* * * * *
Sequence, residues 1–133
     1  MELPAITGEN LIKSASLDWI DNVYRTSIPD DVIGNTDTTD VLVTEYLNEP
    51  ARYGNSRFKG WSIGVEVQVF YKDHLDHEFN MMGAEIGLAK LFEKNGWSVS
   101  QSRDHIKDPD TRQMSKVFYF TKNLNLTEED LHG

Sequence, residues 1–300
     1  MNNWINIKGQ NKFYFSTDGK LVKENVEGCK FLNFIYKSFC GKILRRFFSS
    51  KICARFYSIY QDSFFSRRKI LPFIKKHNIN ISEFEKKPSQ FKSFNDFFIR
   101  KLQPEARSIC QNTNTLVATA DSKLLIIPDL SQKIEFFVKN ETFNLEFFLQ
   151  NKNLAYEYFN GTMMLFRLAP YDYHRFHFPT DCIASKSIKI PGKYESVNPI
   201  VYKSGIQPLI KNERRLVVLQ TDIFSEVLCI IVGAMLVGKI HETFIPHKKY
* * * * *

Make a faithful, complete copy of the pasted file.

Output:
Sequence, residues 1–133
     1  MELPAITGEN LIKSASLDWI DNVYRTSIPD DVIGNTDTTD VLVTEYLNEP
    51  ARYGNSRFKG WSIGVEVQVF YKDHLDHEFN MMGAEIGLAK LFEKNGWSVS
   101  QSRDHIKDPD TRQMSKVFYF TKNLNLTEED LHG

Sequence, residues 1–300
     1  MNNWINIKGQ NKFYFSTDGK LVKENVEGCK FLNFIYKSFC GKILRRFFSS
    51  KICARFYSIY QDSFFSRRKI LPFIKKHNIN ISEFEKKPSQ FKSFNDFFIR
   101  KLQPEARSIC QNTNTLVATA DSKLLIIPDL SQKIEFFVKN ETFNLEFFLQ
   151  NKNLAYEYFN GTMMLFRLAP YDYHRFHFPT DCIASKSIKI PGKYESVNPI
   201  VYKSGIQPLI KNERRLVVLQ TDIFSEVLCI IVGAMLVGKI HETFIPHKKY